The Review of Austrian Economics, 14:1, 97–99, 2001.
2001 Kluwer Academic Publishers. Manufactured in The Netherlands.
(1999) The Evolution of Austrian Economics: From Menger
to Lachmann. Routledge: London and New York Routledge Studies in the History of
Economics 24, 208 pp., $90.00 cloth
The book, which emanates from the author’s Ph.D. thesis, is far from a simple historical
overview of Austrian thought as might be expected from a book published in the “Routledge
Studies in the History of Economics”. Gloria-Palermo analyzes the “Evolution of Austrian
Economics” with a mainly non-historic, analytical intention. Her project denounces the re-
search directiontakenby Austriansin the last decadeas being in sharpcontrast to the original
line of inquiry suggested by early Austrians such as Menger and Wieser. She proposes a
refocusing of this line of research, demonstrating a thorough and detailed knowledge of
Austrian economics and the ability to connect the details to an overall picture of the devel-
opment of Austrian ideas. The book starts out with an historical and analytical interpretation
of the development of Austrian thought and, in the ﬁnal chapters, provides suggestions to
reorient Austrian research by returning to a few key ideas developed by Carl Menger.
The book consists of four sections. In the ﬁrst section, the birth of Austrian economic
thought, based on Menger’s work, is elaborated upon. Two chapters demonstrate Menger’
analytical and methodological originality. The common view that Menger is associated with
the marginalists Jevons and Walras is forcefully refuted by the analysis of correspondence
between Menger and Walras.
Section twotreats the neglect anddecline of Menger’s lines ofthought. With the exception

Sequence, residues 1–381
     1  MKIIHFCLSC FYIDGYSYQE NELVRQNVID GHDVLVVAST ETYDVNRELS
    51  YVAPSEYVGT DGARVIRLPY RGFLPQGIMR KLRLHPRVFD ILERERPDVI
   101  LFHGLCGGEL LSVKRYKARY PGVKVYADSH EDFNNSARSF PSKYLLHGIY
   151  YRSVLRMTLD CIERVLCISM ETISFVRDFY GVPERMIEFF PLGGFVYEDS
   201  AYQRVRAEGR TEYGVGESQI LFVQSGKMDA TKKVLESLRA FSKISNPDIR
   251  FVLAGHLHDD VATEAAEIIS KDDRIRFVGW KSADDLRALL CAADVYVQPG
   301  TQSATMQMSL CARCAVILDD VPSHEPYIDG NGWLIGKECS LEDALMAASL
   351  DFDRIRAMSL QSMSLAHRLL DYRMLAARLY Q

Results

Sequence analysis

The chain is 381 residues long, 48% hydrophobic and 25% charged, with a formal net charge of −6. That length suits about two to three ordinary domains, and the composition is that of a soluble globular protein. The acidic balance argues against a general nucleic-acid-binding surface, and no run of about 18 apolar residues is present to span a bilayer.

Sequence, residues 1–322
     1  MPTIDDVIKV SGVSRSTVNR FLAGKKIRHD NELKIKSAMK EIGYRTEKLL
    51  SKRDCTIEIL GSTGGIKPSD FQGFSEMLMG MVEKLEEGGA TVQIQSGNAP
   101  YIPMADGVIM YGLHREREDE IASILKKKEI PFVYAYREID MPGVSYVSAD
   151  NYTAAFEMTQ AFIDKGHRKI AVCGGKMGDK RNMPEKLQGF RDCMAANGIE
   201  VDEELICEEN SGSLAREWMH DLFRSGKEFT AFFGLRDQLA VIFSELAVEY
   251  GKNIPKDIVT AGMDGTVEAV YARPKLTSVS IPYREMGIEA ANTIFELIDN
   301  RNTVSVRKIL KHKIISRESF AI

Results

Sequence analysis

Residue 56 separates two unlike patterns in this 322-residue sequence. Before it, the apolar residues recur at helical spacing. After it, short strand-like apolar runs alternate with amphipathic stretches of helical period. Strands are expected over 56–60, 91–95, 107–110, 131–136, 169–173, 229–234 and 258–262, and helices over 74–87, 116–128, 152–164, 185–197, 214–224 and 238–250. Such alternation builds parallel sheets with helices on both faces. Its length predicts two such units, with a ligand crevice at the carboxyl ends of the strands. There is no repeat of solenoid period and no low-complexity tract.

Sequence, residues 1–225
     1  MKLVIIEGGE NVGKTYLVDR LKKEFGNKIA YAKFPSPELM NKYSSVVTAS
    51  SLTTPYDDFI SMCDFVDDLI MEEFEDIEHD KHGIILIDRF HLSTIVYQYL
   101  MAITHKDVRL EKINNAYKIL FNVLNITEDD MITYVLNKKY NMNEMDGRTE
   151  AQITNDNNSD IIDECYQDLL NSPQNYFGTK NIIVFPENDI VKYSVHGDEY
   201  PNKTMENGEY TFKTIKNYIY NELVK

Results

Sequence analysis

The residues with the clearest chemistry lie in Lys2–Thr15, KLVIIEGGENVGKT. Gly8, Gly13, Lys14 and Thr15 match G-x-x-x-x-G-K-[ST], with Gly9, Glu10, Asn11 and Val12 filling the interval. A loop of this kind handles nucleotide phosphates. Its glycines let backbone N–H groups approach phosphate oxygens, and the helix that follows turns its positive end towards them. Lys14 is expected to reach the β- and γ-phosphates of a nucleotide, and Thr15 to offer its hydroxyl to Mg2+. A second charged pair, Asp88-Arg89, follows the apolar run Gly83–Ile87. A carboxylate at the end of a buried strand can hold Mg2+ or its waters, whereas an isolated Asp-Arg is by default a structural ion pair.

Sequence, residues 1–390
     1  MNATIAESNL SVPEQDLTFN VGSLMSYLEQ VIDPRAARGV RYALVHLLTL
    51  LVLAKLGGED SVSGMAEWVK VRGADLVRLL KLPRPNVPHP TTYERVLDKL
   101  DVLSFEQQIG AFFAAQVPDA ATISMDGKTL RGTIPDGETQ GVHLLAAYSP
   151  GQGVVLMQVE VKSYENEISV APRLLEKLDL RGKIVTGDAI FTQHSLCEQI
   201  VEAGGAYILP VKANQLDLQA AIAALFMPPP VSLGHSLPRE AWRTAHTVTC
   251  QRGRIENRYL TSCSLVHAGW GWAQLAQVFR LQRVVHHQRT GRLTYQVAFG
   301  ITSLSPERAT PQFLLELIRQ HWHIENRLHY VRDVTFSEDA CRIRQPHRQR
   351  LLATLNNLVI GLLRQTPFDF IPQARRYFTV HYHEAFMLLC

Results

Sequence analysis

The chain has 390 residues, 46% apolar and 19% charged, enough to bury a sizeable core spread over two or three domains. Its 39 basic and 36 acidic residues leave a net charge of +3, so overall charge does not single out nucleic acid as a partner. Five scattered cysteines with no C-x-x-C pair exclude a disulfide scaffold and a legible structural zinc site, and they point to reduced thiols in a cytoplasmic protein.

of von Wieser, Menger’s originality is shown to be misunderstood by the ﬁrst generation of
Austrians. The discussionof B¨ohm-Bawerk’s workinchapter three, the Austrian occupation
with general equilibrium models due to positivistic inﬂuences in the fourth chapter, and
Austrian business cycle theory in the ﬁfth and last chapter of that section are used to
demonstrate the deviation from Menger’s ideas in the line of inquiry of his immediate
The ﬁrst chapterinthe third section—in which the main thesisof the author is presented—
deals withthe slowprocess ofresurrecting important aspectsof Mengerian thought.The next
two chapters, seven and eight respectively deal mainly with Mises, Rothbard and Kirzner.
Gloria-Palermo criticizes the non-scientiﬁc character of Rothbard’s writings as partly a
result of Mises’s praxeological approach. She identiﬁes this non-scientiﬁc approach, which
goes hand in hand with the arbitrary introduction of value judgements in the theory, as one
of the main reasons not only for the current acceptance problems of Austrian theory, but
also as an explanation for neglecting the important contributions of von Wieser due to his
divergent political views. The static characteristics of the entrepreneurial ﬁgure presented
by Kirzner, rightfully identiﬁed as a fall back to a pre-Schumpeterian notion of the role of
the entrepreneur in the economic process, are demonstrated. Kirzner’s efforts to reconcile